I detest the 'welfare' industry because it does not examine its conduct and comes to believe the conceit it is performing good service when it is [by my measure] merely indulging in intellectual sloppiness and moral arrogance. It will howl in outrage at this suggestion. Of course, it is so unaware it can do no otherwise.

But the alternative is not religious conceit formulated in the prosperity gospel - saying if you are poor you deserve it because you are not spiritually up to standard and believing the right stuff. Were this the case we would have no need of the central Christian themes of forgiveness and love. Implicit in that Christian message is the honoring of duty and self-discipline in oneself - and aiding others to value the same. But the challenge is that when others fail to do so, how do we respond? That question, for me, defines how we see ourselves as moral and compassionate beings - when do we have permission not to be like that? We can invoke the Old Testament, or excite our unresolved emotions. Either way we can create a mask of self-righteous passion.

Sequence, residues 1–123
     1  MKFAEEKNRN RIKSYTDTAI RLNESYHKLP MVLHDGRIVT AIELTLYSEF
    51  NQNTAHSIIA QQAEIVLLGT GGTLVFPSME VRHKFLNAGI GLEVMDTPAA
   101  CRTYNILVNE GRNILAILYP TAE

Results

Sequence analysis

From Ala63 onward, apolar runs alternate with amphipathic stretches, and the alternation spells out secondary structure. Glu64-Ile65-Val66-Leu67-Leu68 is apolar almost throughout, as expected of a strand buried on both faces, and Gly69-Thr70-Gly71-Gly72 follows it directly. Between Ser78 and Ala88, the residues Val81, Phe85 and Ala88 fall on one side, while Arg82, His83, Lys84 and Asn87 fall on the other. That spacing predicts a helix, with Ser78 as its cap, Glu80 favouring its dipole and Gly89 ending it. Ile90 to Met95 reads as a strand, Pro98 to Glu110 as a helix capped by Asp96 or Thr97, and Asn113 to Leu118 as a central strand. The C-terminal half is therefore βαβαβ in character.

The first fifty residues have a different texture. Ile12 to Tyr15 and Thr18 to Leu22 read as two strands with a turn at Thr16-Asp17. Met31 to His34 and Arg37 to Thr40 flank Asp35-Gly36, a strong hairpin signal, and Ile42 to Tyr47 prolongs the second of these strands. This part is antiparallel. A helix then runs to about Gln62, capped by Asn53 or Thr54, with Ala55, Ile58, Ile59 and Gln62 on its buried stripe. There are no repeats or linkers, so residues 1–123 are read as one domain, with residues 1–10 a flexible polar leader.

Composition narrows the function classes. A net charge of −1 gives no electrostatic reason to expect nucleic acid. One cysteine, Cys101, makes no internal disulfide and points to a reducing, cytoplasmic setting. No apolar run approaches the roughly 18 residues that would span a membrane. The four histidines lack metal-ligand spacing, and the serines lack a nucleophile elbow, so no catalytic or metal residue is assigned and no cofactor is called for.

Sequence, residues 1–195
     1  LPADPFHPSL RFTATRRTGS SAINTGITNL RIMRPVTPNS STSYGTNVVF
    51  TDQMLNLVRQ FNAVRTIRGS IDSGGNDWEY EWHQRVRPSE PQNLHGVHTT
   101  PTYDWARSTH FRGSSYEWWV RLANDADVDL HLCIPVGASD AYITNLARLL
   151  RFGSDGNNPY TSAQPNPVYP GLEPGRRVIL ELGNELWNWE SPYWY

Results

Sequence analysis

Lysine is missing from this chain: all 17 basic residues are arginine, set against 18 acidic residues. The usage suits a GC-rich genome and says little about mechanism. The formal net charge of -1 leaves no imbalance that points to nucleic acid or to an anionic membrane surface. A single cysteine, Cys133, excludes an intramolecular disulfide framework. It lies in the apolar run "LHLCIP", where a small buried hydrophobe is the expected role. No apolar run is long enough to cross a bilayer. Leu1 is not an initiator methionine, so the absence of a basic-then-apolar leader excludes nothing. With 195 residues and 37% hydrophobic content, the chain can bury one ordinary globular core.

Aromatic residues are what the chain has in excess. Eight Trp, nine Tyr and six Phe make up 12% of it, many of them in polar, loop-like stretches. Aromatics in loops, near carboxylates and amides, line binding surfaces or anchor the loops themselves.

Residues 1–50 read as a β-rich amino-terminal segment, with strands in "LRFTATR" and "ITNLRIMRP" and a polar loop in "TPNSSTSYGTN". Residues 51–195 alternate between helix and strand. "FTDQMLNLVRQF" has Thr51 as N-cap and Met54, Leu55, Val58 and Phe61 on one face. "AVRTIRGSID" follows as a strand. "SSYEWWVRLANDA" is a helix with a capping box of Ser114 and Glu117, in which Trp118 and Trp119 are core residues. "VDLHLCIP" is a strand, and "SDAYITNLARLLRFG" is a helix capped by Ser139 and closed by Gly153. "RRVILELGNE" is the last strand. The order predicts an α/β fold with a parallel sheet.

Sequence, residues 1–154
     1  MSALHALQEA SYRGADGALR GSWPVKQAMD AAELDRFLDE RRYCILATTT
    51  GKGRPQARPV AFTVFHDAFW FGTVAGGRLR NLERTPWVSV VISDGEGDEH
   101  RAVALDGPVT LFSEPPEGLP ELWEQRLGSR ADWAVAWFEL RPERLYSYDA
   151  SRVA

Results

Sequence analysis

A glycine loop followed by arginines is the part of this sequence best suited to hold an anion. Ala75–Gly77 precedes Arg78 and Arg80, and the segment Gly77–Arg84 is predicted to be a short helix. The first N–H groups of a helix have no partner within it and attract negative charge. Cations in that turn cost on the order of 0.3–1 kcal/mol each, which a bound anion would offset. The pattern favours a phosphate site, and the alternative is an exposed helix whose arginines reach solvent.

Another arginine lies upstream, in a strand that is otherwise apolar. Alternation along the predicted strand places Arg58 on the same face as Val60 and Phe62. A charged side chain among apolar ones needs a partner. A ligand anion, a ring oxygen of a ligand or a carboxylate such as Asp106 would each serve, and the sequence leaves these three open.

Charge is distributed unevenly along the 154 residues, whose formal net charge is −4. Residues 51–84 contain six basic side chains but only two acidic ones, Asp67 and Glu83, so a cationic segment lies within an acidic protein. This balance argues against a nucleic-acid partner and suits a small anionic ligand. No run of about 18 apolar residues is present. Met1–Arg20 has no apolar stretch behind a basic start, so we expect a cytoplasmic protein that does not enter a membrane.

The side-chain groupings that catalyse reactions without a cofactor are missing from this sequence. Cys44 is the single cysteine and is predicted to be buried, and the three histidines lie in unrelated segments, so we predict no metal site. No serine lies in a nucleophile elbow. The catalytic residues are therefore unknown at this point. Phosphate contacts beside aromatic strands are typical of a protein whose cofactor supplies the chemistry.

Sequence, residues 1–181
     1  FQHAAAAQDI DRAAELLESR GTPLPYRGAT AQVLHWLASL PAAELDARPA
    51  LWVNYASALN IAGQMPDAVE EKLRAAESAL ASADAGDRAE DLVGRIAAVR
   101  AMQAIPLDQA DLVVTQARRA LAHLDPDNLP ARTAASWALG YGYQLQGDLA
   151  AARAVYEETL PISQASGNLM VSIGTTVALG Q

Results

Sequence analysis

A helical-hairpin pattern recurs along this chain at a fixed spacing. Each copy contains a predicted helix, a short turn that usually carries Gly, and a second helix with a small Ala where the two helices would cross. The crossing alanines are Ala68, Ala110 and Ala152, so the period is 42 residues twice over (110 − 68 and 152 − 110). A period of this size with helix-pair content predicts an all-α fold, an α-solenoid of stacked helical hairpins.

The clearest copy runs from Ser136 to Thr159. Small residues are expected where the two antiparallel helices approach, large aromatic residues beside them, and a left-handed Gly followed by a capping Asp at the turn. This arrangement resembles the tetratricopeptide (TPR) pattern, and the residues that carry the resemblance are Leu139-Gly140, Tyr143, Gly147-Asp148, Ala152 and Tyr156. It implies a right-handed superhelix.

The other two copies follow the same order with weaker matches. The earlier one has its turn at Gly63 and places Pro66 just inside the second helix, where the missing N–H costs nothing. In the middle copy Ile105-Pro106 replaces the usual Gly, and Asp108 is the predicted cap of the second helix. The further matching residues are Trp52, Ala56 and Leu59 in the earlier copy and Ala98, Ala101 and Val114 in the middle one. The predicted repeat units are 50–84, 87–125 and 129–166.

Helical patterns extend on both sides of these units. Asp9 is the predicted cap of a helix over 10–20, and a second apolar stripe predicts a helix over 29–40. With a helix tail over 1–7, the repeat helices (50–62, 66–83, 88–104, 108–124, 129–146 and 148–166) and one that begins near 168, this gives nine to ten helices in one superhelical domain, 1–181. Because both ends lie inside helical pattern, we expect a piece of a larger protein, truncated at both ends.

I struggle. Sometimes [often to be honest] I find myself passing the most unkind judgment on a person, merely because of how they appear to me - as if that is a sufficient basis for an opinion that is fair. On reflection, so far it has never been apparently fair.

I am a man with a very obvious disability, unless I am sitting down. I get around with the aid of flash Canadian crutches [none of those awful aluminum things for me]. I am rightly assessed as not dangerous. I am not up to picking fights with men, or stealing their women. There are times when my physical disability is assumed to extend to my intellect, and I have been badly underestimated. That's fun sorting that out.

Spiritual balance is immensely difficult to attain - but it is something we must strive for - and in so doing hope we are the first to see our failings - rather than be a finder of failings in others.

There's a sense drawn from deep eastern thought - I am that I am. This is the essential formula of The One, and it is echoes down the hierarchy of being - only it is not an absolute statement, but an evolutionary one - I am that I am [becoming].